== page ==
Research is still ongoing, and nothing is concrete yet, but what is obvious so far, as echoed by countless urban academics, is the need to push for a broader understanding of urban development. Development means economic growth and a GDP increase, but it also means inclusion and participation of the population, access to basic goods and services, and public (as opposed to private) spaces.
By Quinn Higgins
Image by Stephane Bailliez
- Center for Strategic Studies. (2018)
- “Spatial Development” Urban Dialogues (Discussion). Mo Ibrahim Foundation. (2019)
- “Africa’s first challenge: the youth bulge stuck in ‘waithood’” Republic of Rwanda, Ministry of Finance and Planning and National Institute of Statistics of Rwanda. (2014)
- “Thematic Report: Socio-economic Status of Youth”, Fourth Population and Housing Census. Republic of Rwanda, Ministry of Infrastructure. (2015)
- National Urbanization Policy. Republic of Rwanda. (2015)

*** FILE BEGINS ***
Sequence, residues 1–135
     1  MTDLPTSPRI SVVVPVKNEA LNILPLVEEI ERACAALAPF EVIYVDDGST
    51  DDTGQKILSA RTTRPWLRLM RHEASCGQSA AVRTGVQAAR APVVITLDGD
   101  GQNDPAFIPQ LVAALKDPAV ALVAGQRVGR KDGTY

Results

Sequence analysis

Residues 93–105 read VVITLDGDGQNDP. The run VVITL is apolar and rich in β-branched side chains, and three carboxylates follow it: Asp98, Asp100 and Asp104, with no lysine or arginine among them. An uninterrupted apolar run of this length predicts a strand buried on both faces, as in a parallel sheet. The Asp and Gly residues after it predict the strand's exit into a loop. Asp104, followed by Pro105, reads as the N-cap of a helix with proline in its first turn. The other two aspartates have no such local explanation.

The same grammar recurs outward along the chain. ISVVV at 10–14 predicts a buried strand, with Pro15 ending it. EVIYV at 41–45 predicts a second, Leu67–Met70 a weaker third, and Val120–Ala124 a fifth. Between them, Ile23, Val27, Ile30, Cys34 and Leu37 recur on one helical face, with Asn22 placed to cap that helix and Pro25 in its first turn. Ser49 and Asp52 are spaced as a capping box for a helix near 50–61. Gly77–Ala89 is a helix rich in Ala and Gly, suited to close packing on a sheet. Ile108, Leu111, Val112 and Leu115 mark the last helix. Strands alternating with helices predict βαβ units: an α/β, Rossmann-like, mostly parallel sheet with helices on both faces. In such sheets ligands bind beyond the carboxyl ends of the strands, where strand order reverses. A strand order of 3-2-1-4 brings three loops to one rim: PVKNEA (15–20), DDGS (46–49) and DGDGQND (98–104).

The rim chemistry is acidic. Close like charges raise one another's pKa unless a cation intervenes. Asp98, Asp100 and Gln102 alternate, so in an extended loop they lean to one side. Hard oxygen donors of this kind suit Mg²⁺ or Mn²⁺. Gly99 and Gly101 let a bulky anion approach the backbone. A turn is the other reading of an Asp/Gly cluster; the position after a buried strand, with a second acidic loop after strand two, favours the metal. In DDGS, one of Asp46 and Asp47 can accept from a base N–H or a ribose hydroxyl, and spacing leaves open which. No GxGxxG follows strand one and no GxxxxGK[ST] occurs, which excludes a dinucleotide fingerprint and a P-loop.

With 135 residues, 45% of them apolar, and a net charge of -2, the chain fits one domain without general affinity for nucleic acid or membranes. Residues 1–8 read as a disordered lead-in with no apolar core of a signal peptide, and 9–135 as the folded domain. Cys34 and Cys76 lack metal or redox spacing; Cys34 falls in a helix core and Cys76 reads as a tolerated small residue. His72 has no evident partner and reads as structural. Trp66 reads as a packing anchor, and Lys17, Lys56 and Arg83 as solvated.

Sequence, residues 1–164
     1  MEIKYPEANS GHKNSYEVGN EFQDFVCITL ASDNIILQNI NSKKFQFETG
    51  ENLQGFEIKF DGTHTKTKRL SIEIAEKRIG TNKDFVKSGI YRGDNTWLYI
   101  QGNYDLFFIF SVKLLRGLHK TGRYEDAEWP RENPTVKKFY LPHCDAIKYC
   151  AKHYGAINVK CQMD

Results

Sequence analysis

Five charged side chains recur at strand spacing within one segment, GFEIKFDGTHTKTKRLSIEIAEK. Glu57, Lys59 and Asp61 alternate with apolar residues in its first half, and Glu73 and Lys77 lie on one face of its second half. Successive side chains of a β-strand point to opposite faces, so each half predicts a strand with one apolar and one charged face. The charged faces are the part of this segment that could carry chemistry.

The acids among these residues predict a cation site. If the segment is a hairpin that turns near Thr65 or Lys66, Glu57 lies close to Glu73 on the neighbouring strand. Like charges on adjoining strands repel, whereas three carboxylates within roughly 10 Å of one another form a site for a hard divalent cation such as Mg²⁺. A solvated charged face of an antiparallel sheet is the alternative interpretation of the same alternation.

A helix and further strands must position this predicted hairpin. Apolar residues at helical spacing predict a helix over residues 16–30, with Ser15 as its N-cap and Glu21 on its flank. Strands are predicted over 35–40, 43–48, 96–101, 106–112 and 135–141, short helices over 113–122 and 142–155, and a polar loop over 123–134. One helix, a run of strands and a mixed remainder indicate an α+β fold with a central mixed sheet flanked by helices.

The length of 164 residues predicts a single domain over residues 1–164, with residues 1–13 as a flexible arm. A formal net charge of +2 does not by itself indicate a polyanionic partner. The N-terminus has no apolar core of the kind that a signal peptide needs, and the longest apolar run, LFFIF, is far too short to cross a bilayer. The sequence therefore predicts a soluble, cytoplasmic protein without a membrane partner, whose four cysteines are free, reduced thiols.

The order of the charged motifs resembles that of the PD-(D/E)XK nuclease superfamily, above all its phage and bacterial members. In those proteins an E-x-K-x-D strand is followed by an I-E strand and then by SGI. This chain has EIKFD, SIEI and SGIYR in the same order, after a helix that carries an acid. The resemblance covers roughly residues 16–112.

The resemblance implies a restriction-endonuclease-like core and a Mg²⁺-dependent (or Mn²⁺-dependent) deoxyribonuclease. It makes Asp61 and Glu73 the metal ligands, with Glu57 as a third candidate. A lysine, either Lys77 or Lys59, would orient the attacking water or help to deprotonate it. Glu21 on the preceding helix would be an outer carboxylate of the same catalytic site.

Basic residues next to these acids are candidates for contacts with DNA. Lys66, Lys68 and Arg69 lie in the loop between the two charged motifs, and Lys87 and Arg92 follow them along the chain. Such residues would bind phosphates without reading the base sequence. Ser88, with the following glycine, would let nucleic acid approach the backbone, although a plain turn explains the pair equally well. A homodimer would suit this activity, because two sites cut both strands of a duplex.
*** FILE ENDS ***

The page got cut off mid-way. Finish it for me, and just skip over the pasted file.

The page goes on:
- Rwandan National Youth Policy. Sukarieh, Mayssoun and Stuart Tannock. (2008)
- ‘In the best interests of youth or neoliberalism?’, The World Bank and the New Global Youth Empowerment Project, Journal of Youth Studies, (11)3, 301-312 Sukarieh, Mayssoun and Stuart Tannock. (2011)
- The positivity imperative: a critical look at the ‘new’ youth development movement, Journal of Youth Studies, 14(6), 675-691. Sukarieh, Mayssoun and Stuart Tannock. (2016)
- “On the political economy of youth: a comment”. Journal of Youth Studies, 19(9), 1281-1289. Sukarieh, Mayssoun and Stuart Tannock.
- The global securitisation of youth, Third World Quarterly, 1-17. United National Habitat Program. (2017)
- New Urban Agenda. (2016)
- “Urbanization in Sub-Saharan Africa”, Lange, Sebastien and Seongho Kim. (2015)
- Kigali Masterplan (2013)